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  5. "Itheann Pól arán."

"Itheann Pól arán."

Translation:Paul eats bread.

December 23, 2014



Is "itheann" the second- and third-person version whereas "ithim" is the first-person? I'm having trouble figuring out when I'm supposed to use "ithim" versus when I'm supposed to use "itheann."


If it helps, in some dialects you can use itheann any time, with the proper pronoun. Otherwise, you use ithim for first person singular, and ithimid for first-person plural, then itheann and the pronoun fro the rest.

Unless you want to learn Munster Irish, that is.


So, "Róisín eats" would just be "itheann Róisín," right?


Not exactly. 'Ithim' is a 'synthetic form,' combining ('synthesizing') the verb and pronoun into a single word; in the case of 'ithim,' that 'm' at the end is the first-person singular pronoun, 'mé,' which becomes simply 'm' when synthesized with the verb. The 'analytic' form (the form that keeps the verb and pronoun separate) is 'itheann mé.' That analytic form is more common in some dialects, but I have read that the synthetic form is the 'official' standard.

Same goes for the first-person plural: the synthetic form is 'ithimid;' the analytic form is 'itheann muid.'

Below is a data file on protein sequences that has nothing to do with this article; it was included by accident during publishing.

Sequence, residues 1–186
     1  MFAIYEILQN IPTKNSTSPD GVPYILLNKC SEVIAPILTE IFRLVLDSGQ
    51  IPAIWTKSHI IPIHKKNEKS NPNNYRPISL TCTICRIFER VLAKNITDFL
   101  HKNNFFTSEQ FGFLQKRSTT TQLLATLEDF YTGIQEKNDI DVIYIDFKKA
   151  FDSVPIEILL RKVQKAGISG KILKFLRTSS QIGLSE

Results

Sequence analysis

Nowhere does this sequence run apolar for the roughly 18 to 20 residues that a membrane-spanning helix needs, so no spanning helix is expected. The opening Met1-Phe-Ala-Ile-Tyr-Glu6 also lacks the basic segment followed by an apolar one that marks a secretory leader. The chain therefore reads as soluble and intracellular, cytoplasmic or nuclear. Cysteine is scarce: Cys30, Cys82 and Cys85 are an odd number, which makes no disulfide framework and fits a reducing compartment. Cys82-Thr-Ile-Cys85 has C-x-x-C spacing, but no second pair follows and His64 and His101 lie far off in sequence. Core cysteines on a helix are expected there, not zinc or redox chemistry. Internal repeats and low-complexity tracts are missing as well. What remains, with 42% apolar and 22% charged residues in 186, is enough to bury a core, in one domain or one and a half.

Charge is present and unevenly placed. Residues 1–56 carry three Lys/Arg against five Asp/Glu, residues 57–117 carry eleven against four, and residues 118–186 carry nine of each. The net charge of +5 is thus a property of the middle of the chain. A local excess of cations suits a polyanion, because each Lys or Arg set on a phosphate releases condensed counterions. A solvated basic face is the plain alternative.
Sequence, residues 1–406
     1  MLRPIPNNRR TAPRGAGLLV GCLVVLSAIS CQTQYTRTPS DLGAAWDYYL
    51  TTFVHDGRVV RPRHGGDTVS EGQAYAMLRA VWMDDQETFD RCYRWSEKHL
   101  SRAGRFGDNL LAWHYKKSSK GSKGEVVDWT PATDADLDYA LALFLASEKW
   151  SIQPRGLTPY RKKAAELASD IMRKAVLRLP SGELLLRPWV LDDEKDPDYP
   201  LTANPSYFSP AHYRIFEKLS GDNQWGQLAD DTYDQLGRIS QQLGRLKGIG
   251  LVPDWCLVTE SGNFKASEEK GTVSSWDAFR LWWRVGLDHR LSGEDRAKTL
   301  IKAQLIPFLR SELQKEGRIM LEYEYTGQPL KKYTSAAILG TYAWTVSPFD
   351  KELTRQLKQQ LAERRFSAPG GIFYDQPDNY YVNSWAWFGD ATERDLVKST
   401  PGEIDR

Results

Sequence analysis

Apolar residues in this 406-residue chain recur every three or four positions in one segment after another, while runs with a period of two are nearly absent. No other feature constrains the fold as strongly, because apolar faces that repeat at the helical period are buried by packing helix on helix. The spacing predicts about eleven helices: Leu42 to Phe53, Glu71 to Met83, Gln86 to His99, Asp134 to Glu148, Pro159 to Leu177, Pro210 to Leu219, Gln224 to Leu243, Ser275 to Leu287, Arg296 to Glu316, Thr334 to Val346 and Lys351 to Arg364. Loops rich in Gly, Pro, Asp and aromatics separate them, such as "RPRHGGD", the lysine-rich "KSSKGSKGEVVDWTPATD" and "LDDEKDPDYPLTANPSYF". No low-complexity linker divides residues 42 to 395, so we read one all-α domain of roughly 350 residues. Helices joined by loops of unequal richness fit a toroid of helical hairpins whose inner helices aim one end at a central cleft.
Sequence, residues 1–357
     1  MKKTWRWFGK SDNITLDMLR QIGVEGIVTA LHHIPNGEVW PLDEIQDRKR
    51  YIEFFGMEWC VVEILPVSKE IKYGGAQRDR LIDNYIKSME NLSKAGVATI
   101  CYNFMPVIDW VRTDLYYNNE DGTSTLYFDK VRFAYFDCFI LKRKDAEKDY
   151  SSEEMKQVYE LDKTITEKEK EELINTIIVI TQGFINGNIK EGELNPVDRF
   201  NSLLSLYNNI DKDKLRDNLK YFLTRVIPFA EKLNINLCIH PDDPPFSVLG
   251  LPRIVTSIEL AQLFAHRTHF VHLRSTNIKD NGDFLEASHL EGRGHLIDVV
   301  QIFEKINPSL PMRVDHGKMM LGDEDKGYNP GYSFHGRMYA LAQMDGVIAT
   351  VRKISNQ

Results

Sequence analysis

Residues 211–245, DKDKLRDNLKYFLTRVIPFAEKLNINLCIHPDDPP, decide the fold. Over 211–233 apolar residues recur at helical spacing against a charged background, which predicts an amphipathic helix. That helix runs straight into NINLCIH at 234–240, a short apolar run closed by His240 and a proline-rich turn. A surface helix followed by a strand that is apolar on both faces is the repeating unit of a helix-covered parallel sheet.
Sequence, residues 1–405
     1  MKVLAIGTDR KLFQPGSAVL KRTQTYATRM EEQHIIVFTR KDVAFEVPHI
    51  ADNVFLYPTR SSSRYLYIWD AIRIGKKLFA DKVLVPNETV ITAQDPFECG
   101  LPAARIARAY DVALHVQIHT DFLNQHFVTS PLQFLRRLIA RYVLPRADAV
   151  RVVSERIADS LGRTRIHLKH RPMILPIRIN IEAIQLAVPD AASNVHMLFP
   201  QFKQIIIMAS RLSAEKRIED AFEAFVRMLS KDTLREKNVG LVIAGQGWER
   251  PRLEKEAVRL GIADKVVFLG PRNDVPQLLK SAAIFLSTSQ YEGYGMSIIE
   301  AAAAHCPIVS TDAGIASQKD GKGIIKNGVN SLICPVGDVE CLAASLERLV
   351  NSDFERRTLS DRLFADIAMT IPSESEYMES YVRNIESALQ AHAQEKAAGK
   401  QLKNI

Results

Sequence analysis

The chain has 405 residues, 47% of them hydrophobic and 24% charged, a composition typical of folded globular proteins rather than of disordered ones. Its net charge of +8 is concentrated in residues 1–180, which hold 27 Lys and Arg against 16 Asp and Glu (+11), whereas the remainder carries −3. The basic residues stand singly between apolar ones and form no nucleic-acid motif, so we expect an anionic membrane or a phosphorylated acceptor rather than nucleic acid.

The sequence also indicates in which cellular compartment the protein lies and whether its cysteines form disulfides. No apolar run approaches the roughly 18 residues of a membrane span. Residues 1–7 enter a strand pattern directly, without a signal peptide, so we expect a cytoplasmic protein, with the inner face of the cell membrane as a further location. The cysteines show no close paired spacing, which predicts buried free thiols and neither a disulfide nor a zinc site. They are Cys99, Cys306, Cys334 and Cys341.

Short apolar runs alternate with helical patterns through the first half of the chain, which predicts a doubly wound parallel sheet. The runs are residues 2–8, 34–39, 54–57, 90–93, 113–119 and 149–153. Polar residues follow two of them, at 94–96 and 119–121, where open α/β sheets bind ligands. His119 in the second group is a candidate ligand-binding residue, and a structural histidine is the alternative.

Does this sentence translate to mean Paul eats bread in the present tense (is observed to be eating bread now) or that Paul (can) eat bread, i.e. Paul is not on a no-carbohydrate diet?


more as Paul habitually eats bread

  • 1589

Is there much difference in "Paul eats bread" and "Paul is eating bread"? I only ask because in so many of the other languages--these two are usually framed in the same context.


Yes. Irish, like English, has a distinction between 'Paul eats bread (habitually, generally, etc)' and 'Paul is eating bread'. Some linguists even theorize that the English progressive developed from contact with the Celtic languages (I disagree with that analysis, though, as similar developments are found in non-standard dialects of other Germanic languages, so it seems to be a natural development). To say the latter you would say Tá Pól ag ithe aráin, using the genitive (literally translates to 'Paul is at eating of bread')


I put “Paul is eating bread”, which was not accepted. Is there a specific gerund?


Irish doesn't have a gerund, but it uses a verbal noun to express the present progressive. So, 'Paul is eating bread' would be Tá Pól ag ithe aráin


How would you say "I am eating bread".

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